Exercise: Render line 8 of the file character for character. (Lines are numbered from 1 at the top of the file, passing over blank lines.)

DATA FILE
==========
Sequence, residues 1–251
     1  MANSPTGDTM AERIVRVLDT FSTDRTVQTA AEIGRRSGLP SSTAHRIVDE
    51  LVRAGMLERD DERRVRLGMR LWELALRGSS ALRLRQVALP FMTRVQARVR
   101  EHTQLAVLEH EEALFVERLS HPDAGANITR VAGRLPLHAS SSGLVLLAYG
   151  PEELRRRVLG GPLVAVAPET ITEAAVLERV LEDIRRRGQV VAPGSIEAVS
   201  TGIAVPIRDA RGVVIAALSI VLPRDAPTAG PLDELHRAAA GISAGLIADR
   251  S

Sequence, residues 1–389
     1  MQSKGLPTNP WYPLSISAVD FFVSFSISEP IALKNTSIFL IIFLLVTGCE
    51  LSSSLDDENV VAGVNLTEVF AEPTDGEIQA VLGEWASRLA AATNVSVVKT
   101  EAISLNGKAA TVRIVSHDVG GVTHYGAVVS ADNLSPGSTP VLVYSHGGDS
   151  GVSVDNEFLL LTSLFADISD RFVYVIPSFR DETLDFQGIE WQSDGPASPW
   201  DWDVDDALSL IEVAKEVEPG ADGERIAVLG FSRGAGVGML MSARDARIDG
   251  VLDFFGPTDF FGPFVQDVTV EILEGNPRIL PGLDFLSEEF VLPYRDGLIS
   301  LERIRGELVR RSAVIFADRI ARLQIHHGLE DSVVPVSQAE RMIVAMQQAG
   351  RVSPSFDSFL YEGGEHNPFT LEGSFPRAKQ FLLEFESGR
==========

Sequence, residues 1–389